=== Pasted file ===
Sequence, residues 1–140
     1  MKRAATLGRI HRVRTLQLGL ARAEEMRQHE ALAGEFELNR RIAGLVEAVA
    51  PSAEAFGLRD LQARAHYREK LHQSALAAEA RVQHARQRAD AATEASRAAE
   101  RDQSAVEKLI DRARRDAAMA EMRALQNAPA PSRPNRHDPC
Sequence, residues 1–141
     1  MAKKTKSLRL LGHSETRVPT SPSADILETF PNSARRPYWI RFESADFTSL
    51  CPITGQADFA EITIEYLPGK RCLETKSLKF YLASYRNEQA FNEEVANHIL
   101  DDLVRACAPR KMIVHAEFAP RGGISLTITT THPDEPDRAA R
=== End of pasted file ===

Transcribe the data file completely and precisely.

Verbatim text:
Sequence, residues 1–140
     1  MKRAATLGRI HRVRTLQLGL ARAEEMRQHE ALAGEFELNR RIAGLVEAVA
    51  PSAEAFGLRD LQARAHYREK LHQSALAAEA RVQHARQRAD AATEASRAAE
   101  RDQSAVEKLI DRARRDAAMA EMRALQNAPA PSRPNRHDPC
Sequence, residues 1–141
     1  MAKKTKSLRL LGHSETRVPT SPSADILETF PNSARRPYWI RFESADFTSL
    51  CPITGQADFA EITIEYLPGK RCLETKSLKF YLASYRNEQA FNEEVANHIL
   101  DDLVRACAPR KMIVHAEFAP RGGISLTITT THPDEPDRAA R